Because the due process of law part is in there, even when Reason or their copy-cats edit it out of their reports and take steps to avoid it being discovered in an easy search.

        There MUST be cases where it’s abused. That’s just human nature, there’s a law, it will be broken. So why the hell can’t Reason find a case of someone being “forced to sign over their property” where it wasn’t because they’d claimed that it wasn’t theirs or the cops couldn’t show their claims were false? And publicize that all to heck?

        Why do the reporters keep neglecting to mention that there was actually evidence, and leaving out the legal processes that were followed?

        When people keep making the same choice that is at odds with their claimed goal, it’s logical to assume they have a different goal involved. Same as with BLM.


  3. he actually said something different
    He’s usually saying something different. Today’s is him scrambling sounds as they come out of his face, so it sounds like he’s saying the n-word. I doubt that entered his head, but it’s just… wow. Elder abuse is one name for it. I actually have pity for POTUS when he’s doing that sort of thing. (Then he comes out like a gang-buster commie, and I lose all my pity.)


  4. everyone is law abiding til they aint.

    when laws are created that make your normal life criminal, you do live in fear and should. and you are a criminal as joe says.

    criminality doesnt make you wrong. it used to be a prisonable offence to put your rotten sausage inside another man’s mud maker.


  5. Remember when Microsoft lost an anti-trust case for including Internet Explorer with every copy of Windows?

    Foxfier, just curious cause maybe I’m missing your point. Are you saying that Civil Asset Forfeiture is not as big a deal as it seems? Cause I’d say it’s bigger, based on the reports I’ve read. Cash seized from a man on his way to buy an antique truck in another state. Cars seized from people when said cars weren’t being used to commit a crime and weren’t particularly valuable. Property seized from people who were then never actually charged with anything.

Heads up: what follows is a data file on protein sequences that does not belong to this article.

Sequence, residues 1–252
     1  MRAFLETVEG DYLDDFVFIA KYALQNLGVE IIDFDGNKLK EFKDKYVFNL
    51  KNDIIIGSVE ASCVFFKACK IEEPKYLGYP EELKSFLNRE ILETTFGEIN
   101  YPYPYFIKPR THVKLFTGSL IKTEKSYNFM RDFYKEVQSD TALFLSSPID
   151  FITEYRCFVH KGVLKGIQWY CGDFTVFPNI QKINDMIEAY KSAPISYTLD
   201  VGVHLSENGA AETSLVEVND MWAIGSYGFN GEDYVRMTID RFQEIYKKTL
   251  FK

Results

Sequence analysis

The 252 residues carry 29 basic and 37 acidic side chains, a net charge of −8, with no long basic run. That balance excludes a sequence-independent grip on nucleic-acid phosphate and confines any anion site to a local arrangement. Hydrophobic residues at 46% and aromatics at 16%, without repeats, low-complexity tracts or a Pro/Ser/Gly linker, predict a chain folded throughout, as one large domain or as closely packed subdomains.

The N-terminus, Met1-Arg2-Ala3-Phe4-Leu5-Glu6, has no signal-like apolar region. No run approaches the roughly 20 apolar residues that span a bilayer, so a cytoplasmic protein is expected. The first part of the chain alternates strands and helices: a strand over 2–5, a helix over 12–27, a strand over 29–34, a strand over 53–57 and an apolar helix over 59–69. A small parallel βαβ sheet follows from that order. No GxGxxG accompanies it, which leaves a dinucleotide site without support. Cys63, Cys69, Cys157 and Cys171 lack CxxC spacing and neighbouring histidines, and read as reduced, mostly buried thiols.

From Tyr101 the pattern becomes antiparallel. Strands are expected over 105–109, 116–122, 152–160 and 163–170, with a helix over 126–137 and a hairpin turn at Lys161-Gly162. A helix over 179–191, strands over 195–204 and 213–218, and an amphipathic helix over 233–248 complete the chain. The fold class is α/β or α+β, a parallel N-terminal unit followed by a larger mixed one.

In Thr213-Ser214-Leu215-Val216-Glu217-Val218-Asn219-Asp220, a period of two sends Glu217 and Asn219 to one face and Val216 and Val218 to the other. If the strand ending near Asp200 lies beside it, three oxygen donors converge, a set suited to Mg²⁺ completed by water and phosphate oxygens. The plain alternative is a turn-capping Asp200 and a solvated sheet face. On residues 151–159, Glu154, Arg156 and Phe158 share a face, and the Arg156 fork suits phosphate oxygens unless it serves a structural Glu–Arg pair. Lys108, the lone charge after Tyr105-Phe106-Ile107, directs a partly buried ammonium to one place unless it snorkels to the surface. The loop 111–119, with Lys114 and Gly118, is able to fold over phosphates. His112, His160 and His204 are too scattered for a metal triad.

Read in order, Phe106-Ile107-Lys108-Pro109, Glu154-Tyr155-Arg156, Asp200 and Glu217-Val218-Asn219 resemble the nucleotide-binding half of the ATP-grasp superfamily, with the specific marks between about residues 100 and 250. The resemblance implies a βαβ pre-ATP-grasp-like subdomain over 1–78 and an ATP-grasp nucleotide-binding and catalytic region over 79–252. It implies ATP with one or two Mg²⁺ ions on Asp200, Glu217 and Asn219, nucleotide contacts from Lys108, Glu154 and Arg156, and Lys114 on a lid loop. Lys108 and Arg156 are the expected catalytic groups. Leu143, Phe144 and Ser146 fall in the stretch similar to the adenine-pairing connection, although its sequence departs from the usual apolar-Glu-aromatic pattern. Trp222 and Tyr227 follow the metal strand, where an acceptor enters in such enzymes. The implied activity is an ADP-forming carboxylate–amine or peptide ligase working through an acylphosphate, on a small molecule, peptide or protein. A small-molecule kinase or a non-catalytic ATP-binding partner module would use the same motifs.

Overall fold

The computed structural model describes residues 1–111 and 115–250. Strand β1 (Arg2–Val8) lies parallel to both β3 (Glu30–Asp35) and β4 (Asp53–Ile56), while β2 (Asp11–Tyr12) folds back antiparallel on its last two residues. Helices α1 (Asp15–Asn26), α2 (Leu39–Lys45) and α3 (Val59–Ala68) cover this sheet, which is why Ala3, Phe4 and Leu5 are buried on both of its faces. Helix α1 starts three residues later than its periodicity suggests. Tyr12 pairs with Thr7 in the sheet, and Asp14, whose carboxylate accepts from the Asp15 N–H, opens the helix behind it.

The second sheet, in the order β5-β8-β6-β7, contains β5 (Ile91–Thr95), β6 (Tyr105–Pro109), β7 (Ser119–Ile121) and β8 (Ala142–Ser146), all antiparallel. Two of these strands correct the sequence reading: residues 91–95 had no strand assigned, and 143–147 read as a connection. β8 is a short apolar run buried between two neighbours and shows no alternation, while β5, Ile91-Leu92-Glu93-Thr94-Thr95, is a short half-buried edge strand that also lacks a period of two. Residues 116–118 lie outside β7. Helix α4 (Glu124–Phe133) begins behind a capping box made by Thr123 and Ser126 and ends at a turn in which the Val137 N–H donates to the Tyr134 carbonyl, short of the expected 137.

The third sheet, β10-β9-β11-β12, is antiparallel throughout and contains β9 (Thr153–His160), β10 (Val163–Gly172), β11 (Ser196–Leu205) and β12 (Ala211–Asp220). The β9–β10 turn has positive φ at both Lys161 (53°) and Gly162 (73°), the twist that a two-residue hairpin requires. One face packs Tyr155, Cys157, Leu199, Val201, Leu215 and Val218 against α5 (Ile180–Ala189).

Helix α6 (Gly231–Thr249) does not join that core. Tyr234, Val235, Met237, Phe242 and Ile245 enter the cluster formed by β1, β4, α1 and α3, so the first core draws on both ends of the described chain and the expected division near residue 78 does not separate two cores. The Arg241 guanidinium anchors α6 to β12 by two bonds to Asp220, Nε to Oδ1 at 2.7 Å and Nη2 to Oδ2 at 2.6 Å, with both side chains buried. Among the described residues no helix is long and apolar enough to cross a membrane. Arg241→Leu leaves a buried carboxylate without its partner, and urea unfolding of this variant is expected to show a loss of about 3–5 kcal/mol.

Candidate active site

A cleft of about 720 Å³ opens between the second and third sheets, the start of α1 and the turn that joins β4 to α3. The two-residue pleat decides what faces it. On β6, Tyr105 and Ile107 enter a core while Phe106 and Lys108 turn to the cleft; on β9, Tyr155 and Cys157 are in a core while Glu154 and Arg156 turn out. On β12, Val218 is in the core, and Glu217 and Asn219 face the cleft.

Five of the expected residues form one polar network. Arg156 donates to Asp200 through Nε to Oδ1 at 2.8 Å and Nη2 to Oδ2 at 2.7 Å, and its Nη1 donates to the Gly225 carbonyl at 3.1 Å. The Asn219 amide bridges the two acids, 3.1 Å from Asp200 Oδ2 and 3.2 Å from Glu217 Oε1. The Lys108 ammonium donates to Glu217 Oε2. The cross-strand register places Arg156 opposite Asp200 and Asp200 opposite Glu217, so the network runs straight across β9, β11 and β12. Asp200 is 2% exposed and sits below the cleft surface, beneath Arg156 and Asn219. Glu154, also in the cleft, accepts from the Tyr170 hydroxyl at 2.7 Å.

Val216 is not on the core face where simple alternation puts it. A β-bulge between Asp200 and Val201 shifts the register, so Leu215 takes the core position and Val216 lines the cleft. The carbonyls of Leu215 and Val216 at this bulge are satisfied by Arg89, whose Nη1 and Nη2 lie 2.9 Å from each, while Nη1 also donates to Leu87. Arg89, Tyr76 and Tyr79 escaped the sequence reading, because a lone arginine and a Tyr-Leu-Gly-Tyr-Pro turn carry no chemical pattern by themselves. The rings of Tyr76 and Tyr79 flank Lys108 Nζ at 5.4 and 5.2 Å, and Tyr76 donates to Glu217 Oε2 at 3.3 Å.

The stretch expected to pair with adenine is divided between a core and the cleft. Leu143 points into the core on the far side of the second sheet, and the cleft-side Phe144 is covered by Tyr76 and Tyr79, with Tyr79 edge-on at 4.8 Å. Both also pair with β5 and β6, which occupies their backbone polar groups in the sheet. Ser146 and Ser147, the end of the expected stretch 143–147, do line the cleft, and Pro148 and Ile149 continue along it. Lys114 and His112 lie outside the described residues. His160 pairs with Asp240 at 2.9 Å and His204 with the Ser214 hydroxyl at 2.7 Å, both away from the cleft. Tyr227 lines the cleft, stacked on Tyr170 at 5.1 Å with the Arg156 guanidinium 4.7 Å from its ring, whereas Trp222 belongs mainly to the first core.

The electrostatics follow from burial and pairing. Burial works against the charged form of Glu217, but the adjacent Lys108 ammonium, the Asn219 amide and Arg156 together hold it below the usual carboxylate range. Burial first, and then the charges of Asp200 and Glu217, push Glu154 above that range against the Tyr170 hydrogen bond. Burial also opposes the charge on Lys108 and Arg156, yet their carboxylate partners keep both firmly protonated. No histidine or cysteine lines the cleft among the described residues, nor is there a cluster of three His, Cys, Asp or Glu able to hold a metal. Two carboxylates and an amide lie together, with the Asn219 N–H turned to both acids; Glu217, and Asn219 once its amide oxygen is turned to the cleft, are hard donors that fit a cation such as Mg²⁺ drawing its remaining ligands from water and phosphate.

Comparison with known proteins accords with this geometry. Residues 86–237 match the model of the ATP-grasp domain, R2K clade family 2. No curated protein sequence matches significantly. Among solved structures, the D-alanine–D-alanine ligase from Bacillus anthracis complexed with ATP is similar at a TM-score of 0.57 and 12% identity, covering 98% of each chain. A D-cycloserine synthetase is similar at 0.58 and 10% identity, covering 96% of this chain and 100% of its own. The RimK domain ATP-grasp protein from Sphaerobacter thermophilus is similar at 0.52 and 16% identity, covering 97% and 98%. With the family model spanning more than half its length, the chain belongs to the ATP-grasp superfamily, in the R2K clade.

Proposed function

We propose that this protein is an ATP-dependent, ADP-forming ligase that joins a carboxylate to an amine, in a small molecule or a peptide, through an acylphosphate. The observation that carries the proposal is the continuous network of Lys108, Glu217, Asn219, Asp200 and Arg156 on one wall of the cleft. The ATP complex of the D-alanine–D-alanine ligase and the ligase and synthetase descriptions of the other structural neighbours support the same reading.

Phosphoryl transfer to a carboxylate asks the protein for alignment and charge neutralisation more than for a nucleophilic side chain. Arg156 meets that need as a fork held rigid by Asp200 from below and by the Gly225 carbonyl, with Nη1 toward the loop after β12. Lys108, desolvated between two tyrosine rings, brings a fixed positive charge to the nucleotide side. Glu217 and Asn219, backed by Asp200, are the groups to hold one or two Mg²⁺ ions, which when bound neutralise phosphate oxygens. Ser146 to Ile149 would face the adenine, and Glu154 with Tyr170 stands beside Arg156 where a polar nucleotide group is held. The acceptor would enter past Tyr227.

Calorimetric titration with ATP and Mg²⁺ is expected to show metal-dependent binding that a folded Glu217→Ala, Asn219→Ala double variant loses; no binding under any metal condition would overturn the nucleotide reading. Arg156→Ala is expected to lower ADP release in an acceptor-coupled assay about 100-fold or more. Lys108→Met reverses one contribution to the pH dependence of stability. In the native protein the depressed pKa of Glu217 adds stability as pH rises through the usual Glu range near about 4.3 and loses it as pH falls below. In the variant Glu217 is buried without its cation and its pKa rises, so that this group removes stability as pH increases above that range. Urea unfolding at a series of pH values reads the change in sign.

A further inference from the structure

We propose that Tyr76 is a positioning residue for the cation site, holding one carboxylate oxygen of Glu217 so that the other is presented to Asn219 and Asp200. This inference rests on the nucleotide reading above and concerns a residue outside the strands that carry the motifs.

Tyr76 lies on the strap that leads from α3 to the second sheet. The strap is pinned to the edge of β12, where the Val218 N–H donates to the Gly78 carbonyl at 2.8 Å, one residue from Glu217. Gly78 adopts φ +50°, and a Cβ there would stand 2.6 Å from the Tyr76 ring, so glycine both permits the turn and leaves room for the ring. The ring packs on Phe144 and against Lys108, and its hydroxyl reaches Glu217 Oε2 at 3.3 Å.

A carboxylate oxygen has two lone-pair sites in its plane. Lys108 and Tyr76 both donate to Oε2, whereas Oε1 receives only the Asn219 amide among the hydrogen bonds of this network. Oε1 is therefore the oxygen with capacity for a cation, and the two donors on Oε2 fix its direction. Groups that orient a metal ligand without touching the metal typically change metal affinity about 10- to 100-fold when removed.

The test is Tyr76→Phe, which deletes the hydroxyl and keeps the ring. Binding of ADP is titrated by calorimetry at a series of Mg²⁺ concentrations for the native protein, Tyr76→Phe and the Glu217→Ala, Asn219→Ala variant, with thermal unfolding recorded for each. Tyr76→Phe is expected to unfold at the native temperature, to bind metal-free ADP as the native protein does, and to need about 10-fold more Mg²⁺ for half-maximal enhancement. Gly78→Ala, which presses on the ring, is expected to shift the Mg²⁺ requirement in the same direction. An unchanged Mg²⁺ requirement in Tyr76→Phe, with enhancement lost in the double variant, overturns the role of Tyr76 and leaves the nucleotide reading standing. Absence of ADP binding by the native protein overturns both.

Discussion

Failure to return property when charges were dropped and/or accused was found “not guilty” by a jury. Add to that the incentives to police departments who often get to keep a significant percentage of what they seize…


    1. Property seized from people who were then never actually charged with anything.
      Failure to return property when charges were dropped and/or accused was found “not guilty” by a jury.

      Looking into these two are the ones that make me think something is up– because when I can find actual records or even news reports not based on the same initial claim, I keep finding things like they weren’t charged because the property they “signed over”– swore under oath was not theirs in any way shape or form– was the only evidence against them, or that while they were found not guilty, the jury found their co-defendant both guilty and to be the owner of the crime-involved property.

      Same pattern as the Trayvon Martin shooting, with reports before the media-focused attorney got involved painting a picture that matched the evidence but not the hype.